Hasbro’s Wizards of the Coast is finally relenting after years of selling their D&D player manuals as print-only.
Polygon reports that they’re releasing an ebook app called D&D Reader.
No, it’s not the officially licensed PDFs that fans have wanted for decades. But, if it’s implemented correctly, it could be about as good as die-hard fans are likely to get.
The D&D Reader is being built by Dialect, the same content marketing and digital design company that drives the digital D&D magazine called Dragon+. Reader will be available for iOS and Android devices, and feature all the core books you need to run your own campaign, including the 5th edition Player’s Handbook and the Dungeon Master’s Guide. The app allows you to buy them in part or in whole. As an added benefit, there are even free modules for a subset of races and classes.
Yes, there’s a search function. But in the beta version that we were shown, it wasn’t tremendously effective. A search for “magic missile,” for instance, simply returns all of the available modules that include the term. It’s up to users to hunt down the information they need within each module. There are hyperlinks throughout that key off of spell names and the like, but in the version we were shown, most of them were buggy.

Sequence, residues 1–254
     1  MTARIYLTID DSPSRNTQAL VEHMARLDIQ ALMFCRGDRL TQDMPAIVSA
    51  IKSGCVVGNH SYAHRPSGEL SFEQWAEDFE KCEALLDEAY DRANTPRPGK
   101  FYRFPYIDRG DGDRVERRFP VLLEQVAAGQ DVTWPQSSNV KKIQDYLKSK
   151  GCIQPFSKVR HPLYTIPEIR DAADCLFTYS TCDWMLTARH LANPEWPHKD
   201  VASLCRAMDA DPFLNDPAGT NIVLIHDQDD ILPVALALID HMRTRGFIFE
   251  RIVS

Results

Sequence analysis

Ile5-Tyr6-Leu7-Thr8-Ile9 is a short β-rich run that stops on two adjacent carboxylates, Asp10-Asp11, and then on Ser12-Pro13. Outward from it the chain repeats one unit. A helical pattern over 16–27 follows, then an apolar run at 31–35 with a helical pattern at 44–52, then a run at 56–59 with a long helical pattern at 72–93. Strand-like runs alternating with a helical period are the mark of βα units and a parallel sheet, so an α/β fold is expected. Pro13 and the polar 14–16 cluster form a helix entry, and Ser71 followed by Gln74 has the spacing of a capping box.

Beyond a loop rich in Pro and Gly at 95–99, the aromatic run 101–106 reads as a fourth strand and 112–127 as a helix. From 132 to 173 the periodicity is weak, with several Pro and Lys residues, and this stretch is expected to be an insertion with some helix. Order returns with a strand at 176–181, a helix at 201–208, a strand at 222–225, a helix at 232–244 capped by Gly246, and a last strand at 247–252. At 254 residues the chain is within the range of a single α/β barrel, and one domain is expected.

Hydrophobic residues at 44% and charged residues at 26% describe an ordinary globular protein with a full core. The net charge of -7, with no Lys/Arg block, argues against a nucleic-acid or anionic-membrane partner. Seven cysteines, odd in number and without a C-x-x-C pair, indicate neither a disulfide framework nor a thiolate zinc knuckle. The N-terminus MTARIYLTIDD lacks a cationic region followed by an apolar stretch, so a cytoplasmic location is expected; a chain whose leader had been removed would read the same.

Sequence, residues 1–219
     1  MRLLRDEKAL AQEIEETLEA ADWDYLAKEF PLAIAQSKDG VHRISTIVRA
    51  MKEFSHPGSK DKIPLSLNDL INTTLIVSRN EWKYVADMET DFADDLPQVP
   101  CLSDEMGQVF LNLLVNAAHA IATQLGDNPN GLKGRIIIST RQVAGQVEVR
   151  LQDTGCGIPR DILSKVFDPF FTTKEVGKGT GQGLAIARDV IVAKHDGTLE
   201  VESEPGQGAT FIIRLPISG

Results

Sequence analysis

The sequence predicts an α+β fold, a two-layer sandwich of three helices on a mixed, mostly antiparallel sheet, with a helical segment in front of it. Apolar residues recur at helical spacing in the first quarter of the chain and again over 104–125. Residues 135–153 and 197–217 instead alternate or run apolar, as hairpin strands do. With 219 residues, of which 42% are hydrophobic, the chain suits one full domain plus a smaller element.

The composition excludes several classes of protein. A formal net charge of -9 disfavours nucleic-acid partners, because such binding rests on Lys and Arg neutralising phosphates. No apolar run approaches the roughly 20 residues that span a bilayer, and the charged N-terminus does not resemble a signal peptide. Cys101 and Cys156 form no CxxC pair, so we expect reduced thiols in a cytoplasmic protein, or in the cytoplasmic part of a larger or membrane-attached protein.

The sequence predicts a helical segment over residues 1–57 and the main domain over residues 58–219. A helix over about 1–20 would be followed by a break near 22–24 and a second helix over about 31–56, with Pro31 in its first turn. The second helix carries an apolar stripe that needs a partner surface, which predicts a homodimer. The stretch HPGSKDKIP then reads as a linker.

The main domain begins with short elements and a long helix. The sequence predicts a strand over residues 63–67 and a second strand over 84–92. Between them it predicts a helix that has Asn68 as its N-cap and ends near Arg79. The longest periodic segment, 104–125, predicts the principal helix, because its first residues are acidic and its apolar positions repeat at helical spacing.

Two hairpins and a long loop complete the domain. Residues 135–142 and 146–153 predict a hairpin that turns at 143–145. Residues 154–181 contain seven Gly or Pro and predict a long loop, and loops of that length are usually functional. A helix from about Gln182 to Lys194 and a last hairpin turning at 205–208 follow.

Let’s hope they work the bugs out before the official release.
The D&D player manuals are the type of reference books that would actually work better as an app than as print books. Readers frequently have to look up a particular detail rather than simply read from cover to cover, and that type of activity could work well with an app – if the app is developed properly.
At this point, though, it’s not clear whether Wizards of the Coast is more interested in getting paid or in creating a useful tool. Polygon noted that there didn’t appear to be a way to get a free ebook if you already owned the print book. Instead, readers will have to buy the content all over again inside the app. “And, while purchasing the entire book is a viable solution, buying each individual module — a package of five to 10 pages of content, perhaps — for $2.99 a pop feels exploitative.”